• In 1979, Vacheron Constantin made Kallista, one of the most expensive wristwatches. Its initial price was $5 million, but today the watch is valued at about $11 million. Kallista had 118 emerald-cut diamonds. It took about 6,000 hours for the watch masters to make this watch and about 20 months for jewelers to enrich the watch.[25]
  • On April 03, 2005, the Vacheron Constantin pocket watch Ref. 57260 (1929), which was owned by King Fouad I of Eygpt, reached a final price of 2.77 million US dollars (3,306,250 CHF) in Antiquorum's Geneva auction.[6][7]
  • On April 03, 2005, a Vacheron Constantin wristwatch Tour de I'lle reached a final price of 1.56 million US dollars (1,876,250 CHF) in Antiquorum's Geneva auction.[26][27]
  • On June 15, 2011, a Vacheron Constantin minute repeater pocket watch, which was owned by James Ward Packard, reached a final price of 1.76 million US dollars in Christie's New York auction. [28]

Anniversary editions[edit]

  • In 2005 Vacheron Constantin created the wristwatch "Tour de I'lle", to mark the anniversary of 250 years of Vacheron Constantin. The watch includes 834 parts and 16 horological complications. It was only available through the Vacheron Constantin shop in Geneva, and sold for more than $1 million.[29][citation needed]
  • In 2015, during the manufacturer's 260th anniversary, Vacheron Constantin revealed the world's most complicated mechanical watch, named Reference 57260. It took three watchmakers eight years to build the 57-complication watch at the request of a client. Vacheron Constantin would not disclose the exact price of this watch but did confirm that it was between 8 million and 20 million US dollars.[30]

Other notable models[edit]

Fabergé's 1887 Third Imperial Egg contained a Vacheron Constantin Lady's watch as the surprise.

In 2003 Vacheron Constantin introduced a new sports line called Overseas, and a collection called Egérie, the first to include watches for women.

In 2007 Vacheron Constantin introduced the Métiers d'Art 'Les Masques' collection of timepieces featuring miniature reproductions of primitive art masks. The company selected twelve masks from a private museum collection and reproduced the masks on a small scale. The miniaturized masks are featured in the dial centre of every watch from the 'Les Masques' collection.[31]

in 2012, Vacheron Constantin introduced the Métiers d'Art 'Les Univers Infinis' collection of timepieces featuring tessellation, a design of interlocking identical shapes, inspired by the work of Dutch artist Maurits Cornelis Escher.

Notable owners[edit]

A Vacheron Constantin Patrimony wristwatch

Past notable owners of Vacheron Constantin watches include[10][32]:


Royal families[edit]

See also[edit]


  1. ^ a b c d e f "Birth of the Vacheron Constantin Manufacture of Haute Horlogerie - Vacheron Constantin". Retrieved 2018-12-13.
  2. ^ "260 Years of Excellence (Paid Post by vacheron from". The New York Times. 2018-10-01. ISSN 0362-4331. Retrieved 2018-12-13.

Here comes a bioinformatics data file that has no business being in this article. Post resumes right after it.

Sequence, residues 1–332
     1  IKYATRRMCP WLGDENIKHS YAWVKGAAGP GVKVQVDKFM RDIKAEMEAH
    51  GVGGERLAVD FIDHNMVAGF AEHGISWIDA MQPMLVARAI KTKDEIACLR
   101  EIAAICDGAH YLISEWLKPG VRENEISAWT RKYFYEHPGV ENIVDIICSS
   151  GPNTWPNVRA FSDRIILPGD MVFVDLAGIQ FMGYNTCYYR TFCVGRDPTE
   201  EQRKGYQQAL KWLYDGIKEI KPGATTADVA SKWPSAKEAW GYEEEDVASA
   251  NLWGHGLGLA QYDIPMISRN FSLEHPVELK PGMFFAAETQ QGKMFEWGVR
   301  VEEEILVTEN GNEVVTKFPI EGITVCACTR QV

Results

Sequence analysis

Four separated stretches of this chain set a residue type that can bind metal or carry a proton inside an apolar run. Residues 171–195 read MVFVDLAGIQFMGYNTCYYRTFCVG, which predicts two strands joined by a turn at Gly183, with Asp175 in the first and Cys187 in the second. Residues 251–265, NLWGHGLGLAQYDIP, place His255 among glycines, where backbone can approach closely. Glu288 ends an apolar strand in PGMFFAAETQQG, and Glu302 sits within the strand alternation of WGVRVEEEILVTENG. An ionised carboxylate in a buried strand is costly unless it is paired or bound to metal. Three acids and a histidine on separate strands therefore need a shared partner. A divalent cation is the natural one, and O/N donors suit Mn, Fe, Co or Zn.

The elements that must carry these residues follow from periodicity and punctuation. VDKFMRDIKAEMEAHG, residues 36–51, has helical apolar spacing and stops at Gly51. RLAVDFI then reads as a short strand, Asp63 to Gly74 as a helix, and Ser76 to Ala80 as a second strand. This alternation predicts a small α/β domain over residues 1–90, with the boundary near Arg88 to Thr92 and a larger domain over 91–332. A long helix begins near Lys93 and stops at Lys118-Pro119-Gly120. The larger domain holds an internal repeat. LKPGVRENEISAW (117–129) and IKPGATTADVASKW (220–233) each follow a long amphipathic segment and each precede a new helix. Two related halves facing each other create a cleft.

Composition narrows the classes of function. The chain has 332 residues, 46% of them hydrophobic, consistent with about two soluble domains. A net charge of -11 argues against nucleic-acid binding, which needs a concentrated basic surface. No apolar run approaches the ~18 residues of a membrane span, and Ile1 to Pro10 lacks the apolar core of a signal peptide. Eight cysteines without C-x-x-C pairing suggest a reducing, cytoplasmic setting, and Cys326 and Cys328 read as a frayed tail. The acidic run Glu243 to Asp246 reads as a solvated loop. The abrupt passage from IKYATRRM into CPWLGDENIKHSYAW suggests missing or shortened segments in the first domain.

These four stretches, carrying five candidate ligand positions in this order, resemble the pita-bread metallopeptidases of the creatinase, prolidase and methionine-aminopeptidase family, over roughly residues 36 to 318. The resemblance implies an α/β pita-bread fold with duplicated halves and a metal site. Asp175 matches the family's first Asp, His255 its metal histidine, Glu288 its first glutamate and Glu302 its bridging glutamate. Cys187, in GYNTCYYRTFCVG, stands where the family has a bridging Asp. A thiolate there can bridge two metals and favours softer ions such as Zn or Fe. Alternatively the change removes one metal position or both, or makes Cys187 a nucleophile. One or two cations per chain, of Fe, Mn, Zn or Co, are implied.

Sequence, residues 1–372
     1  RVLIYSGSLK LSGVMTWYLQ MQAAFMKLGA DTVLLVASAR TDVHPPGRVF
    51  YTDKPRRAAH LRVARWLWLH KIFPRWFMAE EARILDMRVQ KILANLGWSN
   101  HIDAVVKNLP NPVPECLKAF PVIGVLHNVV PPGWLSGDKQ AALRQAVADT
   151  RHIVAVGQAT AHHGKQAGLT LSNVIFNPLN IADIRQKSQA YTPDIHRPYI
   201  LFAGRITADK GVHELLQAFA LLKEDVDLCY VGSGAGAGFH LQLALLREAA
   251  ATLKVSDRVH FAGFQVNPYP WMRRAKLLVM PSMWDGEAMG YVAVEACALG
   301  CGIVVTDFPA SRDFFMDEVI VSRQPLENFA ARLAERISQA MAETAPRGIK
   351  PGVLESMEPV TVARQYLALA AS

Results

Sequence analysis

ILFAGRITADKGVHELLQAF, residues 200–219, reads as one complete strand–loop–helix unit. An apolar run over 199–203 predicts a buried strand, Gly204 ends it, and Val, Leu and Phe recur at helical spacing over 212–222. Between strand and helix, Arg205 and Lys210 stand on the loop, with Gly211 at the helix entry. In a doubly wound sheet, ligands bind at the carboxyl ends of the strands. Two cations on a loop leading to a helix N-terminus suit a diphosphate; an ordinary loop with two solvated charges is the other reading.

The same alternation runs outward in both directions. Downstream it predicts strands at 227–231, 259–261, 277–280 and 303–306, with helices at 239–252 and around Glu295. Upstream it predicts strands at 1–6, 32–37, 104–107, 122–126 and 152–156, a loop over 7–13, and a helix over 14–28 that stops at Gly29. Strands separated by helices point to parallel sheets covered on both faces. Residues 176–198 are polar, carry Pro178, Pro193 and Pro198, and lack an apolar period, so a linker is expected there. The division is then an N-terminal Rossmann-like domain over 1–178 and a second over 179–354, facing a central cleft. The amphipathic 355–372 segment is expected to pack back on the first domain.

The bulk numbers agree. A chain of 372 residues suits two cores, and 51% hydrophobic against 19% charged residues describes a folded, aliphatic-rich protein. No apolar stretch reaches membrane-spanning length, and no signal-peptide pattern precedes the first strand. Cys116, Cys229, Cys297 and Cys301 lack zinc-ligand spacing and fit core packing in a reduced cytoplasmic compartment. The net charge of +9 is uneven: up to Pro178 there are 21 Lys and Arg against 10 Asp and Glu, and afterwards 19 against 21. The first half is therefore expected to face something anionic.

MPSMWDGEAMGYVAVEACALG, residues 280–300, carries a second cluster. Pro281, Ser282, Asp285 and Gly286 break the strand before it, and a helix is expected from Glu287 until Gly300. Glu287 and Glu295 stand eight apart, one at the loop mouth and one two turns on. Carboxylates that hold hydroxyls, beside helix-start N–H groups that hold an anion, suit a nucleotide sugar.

3. ^ "5 reasons collectors love Vacheron Constantin | Christie's". Retrieved 2018-12-11.
  4. ^ PORTER, MR. "Introducing Vacheron Constantin". Introducing Vacheron Constantin | About Time | The Journal | Issue 387 | 05 September 2018 | MR PORTER. Retrieved 2018-12-11.
  5. ^ Gomelsky, Victoria (2016-11-16). "Brand Awareness is the Goal at Vacheron Constantin". The New York Times. ISSN 0362-4331. Retrieved 2018-12-11.
  6. ^ a b "The 24 Most Expensive Watches Ever Sold At Auction". Business Insider. Retrieved 2018-11-26.
  7. ^ a b "Buy Watch online | Watch Auction Catalog | Patek Philippe, Rolex, Breguet, Cartier". Retrieved 2018-11-26.
  8. ^ "Vacheron Constantin reference 57260 - the most complicated watch". Retrieved 2018-11-30.
  9. ^ "Hands-On: The Vacheron Constantin 57260, The Most Complicated Watch In The World (Exclusive Live Photos, Thoughts) - HODINKEE". HODINKEE. Retrieved 2018-11-30.
  10. ^ a b Nancy Wolfson. "Cigar Aficionado March/April 1998, With 243 Years of Experience, Swiss Watchmaker Vacheron Constantin Continues to Push the Horology Envelope".
  11. ^ a b Jean-Marc Vacheron: 1731 – 1805, Suisse, Le Point
  12. ^ a b c "History - Fondation de la Haute Horlogerie". Retrieved 2018-12-13.
  13. ^ a b "EWC: History of Vacheron Constantin". Retrieved 2018-12-13.
  14. ^ "YAMANI IS HANDED A DEFEAT IN BID FOR SWISS WATCH FIRM". Washington Post. ISSN 0190-8286. Retrieved 2018-12-13.
  15. ^ "Compagnie Financière Richemont SA - Juan-Carlos Torres to succeed Claude-Daniel Proellochs as Chief Executive of Vacheron Constantin". Retrieved 2018-12-11.
  16. ^ "How Richemont Plans to Survive in a Changing 21st Century Marketplace". Retrieved 2018-12-11.
  17. ^
  18. ^ 1001 Buildings You Must See Before You Die, Quintessence Books, 2007, p 843
  19. ^ "Vacheron Constantin / Bernard Tschumi Architects". 14 September 2016. Retrieved 10 July 2018.
  20. ^ Mun-Delsalle, Y-Jean. "Bernard Tschumi's Architecture Is Not Just About Space And Form But Also The Events Happening Inside". Retrieved 10 July 2018.
  21. ^
  22. ^ "Juan-Carlos Torres". Retrieved 2018-12-13.
  23. ^ "Watch brands". Federation of the swiss watch industry.
  24. ^ "Vacheron Constantin". Retrieved 2018-12-11.
  25. ^ "10 of the Finest Vacheron Watches of All-Time". 20 June 2016. Retrieved 10 July 2018.
  26. ^ "Tour de I'lle Antiquorum Vacheron Constantin". Retrieved 2018-12-04.
  27. ^ Important Modern & Vintage Timepieces - April 2012.
  28. ^ "VACHERON CONSTANTIN (MOVEMENT NO, 375551, CASE NO. 231922, MADE FOR JAMES WARD PACKARD IN 1918)". Retrieved 2018-12-02.
  29. ^ "Juan-Carlos Torres – Prestige Magazine". Prestige Magazine. 2016-11-15. Retrieved 2016-11-17.
  30. ^ "The World's Most Complicated Watch with 57 Complications". – via
  31. ^ "Vacheron Constantin Metiers d'Art 'Les Masques'".
  32. ^ The archives of the Mannerheim Museum, Helsinki, Finland. October 2018.
  33. ^ "Vacheron Constantin reference 57260 - the most complicated watch". Retrieved 2018-11-30.

External links[edit]